Three years ago, Green Globe International, Inc. announced Ruby Falls as the first US attraction to receive certification for tourism businesses. Green Globe certification requires extensive work in sustainable management, social and economic development, cultural heritage and environmental stewardship. Since then, the attraction has been re-certified, continuing to hold this distinction.
The Tourism for Tomorrow award given to Ruby Falls follows on the heels of another recent achievement in Chattanooga. On October 29, 2013, TVA gave a platinum ranking to the city in its Valley Sustainable Communities program, a top environmental sustainability rating. Ruby Falls’ contribution is one of many made by entities throughout the city to increase the quality of the environment for visitors to Chattanooga.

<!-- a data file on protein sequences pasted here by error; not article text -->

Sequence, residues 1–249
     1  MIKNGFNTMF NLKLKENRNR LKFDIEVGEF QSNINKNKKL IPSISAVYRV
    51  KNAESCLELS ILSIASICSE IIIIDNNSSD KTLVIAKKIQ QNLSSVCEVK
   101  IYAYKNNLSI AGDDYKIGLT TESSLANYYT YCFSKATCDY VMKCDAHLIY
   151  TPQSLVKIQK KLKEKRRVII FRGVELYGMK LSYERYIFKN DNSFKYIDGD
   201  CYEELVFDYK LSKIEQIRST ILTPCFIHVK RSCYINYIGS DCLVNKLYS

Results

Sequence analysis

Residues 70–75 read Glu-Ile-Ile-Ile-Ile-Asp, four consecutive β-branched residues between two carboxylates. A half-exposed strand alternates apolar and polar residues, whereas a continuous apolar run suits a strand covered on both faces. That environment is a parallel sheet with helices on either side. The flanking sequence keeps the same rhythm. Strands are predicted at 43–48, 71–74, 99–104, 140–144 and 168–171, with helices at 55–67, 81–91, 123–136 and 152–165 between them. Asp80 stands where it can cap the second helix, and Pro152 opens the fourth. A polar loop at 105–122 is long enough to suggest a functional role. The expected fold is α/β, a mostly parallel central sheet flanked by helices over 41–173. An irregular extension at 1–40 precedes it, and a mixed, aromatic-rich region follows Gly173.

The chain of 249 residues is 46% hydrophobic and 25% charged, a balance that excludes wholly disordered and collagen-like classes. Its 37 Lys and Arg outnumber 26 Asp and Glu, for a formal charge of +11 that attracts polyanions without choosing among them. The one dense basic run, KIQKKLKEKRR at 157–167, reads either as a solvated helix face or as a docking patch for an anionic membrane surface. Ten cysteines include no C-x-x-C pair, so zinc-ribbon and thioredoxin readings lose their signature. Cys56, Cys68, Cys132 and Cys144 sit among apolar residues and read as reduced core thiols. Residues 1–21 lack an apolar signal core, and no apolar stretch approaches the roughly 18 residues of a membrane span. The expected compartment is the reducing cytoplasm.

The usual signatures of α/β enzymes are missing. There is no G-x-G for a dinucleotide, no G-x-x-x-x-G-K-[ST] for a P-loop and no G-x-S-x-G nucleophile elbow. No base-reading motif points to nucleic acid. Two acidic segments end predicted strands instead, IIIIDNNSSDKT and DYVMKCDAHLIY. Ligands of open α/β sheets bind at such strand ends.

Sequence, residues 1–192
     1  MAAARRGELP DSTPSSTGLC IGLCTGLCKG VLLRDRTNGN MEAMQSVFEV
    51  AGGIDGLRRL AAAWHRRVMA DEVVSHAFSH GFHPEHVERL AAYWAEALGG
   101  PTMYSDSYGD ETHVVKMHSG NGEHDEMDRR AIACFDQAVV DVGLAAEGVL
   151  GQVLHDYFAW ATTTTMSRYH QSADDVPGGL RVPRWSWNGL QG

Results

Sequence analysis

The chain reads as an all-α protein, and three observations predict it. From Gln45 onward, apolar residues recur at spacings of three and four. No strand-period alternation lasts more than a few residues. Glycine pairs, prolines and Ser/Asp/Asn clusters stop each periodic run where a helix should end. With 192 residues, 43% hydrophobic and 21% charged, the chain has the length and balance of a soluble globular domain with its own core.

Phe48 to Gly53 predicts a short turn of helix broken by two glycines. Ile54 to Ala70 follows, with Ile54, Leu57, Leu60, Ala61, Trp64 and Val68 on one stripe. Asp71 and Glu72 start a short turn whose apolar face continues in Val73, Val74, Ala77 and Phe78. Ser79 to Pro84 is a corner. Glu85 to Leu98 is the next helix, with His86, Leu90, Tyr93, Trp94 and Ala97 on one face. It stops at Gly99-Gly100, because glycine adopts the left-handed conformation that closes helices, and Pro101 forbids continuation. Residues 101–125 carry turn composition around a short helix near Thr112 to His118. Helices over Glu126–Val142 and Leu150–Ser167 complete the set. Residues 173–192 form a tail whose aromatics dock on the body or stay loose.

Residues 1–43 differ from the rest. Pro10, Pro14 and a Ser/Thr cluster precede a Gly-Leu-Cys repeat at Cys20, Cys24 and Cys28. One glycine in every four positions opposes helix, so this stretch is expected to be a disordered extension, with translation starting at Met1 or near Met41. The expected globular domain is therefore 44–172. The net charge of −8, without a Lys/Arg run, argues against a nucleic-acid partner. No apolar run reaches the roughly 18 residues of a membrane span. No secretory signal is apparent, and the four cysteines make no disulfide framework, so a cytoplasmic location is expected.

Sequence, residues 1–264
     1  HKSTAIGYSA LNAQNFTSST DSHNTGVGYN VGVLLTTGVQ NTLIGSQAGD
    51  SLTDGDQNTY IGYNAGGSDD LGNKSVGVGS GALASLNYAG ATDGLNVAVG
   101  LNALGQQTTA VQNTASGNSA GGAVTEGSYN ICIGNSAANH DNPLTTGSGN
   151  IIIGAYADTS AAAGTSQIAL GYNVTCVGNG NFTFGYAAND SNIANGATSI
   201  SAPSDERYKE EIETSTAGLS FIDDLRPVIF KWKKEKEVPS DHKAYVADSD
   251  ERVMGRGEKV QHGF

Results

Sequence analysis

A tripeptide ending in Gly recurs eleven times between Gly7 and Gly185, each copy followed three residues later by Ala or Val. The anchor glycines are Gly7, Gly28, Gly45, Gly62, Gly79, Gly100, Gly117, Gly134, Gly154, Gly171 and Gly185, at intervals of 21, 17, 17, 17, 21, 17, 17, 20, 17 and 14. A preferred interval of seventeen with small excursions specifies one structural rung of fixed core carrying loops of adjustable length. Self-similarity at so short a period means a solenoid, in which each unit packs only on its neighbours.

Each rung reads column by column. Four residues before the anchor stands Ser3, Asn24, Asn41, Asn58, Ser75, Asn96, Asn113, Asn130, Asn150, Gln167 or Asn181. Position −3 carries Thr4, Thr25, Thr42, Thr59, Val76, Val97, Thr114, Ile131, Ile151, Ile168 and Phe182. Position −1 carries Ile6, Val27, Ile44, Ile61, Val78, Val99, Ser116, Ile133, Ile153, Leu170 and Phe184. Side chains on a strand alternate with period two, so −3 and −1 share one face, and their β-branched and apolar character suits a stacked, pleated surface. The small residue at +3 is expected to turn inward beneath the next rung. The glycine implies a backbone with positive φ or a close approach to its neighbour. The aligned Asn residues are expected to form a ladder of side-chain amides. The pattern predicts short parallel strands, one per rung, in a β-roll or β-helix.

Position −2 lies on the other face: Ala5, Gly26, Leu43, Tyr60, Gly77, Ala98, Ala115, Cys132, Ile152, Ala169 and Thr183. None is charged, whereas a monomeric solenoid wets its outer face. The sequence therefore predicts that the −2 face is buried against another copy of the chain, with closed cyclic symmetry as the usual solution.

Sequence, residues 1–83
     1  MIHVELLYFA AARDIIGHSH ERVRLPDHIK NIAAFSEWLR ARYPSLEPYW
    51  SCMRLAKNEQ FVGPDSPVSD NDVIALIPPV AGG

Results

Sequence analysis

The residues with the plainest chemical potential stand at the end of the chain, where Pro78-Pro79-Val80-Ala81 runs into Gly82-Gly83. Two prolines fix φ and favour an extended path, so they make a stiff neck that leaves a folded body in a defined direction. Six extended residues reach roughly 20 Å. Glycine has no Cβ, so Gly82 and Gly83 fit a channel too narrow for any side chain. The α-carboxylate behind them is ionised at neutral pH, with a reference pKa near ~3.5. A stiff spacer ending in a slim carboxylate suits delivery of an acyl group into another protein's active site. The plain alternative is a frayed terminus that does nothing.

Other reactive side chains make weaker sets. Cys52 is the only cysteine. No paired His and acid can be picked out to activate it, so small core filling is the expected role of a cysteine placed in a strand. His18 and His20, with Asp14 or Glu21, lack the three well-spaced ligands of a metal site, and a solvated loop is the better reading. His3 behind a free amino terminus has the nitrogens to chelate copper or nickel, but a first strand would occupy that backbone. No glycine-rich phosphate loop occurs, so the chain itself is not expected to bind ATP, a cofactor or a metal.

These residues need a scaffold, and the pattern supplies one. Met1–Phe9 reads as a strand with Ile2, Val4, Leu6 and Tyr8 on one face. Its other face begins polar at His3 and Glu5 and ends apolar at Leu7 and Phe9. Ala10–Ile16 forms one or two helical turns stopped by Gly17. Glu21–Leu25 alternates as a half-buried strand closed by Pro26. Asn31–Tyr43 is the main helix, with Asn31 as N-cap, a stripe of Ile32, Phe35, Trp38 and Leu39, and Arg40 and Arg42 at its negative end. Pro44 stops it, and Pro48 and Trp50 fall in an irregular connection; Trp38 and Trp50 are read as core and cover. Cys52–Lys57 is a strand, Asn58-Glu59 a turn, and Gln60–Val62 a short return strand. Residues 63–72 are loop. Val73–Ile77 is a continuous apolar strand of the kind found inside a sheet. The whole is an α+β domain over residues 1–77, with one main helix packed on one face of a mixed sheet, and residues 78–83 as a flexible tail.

Southeast Tourism Society is a non-profit organization dedicated to the promotion and development of tourism throughout the Southeast. STS had eight member states when founded in 1983 (Alabama, Florida, Georgia, Louisiana, Mississippi, North Carolina, South Carolina and Tennessee). Since then, Kentucky, Virginia, West Virginia and Arkansas were added.
Ruby Falls is home to America’s deepest commercial cave and largest underground waterfall open for public viewing. It features a 145-foot waterfall located 1,120 feet beneath the surface of Lookout Mountain in Chattanooga, Tennessee. Go to www.rubyfalls.com for more.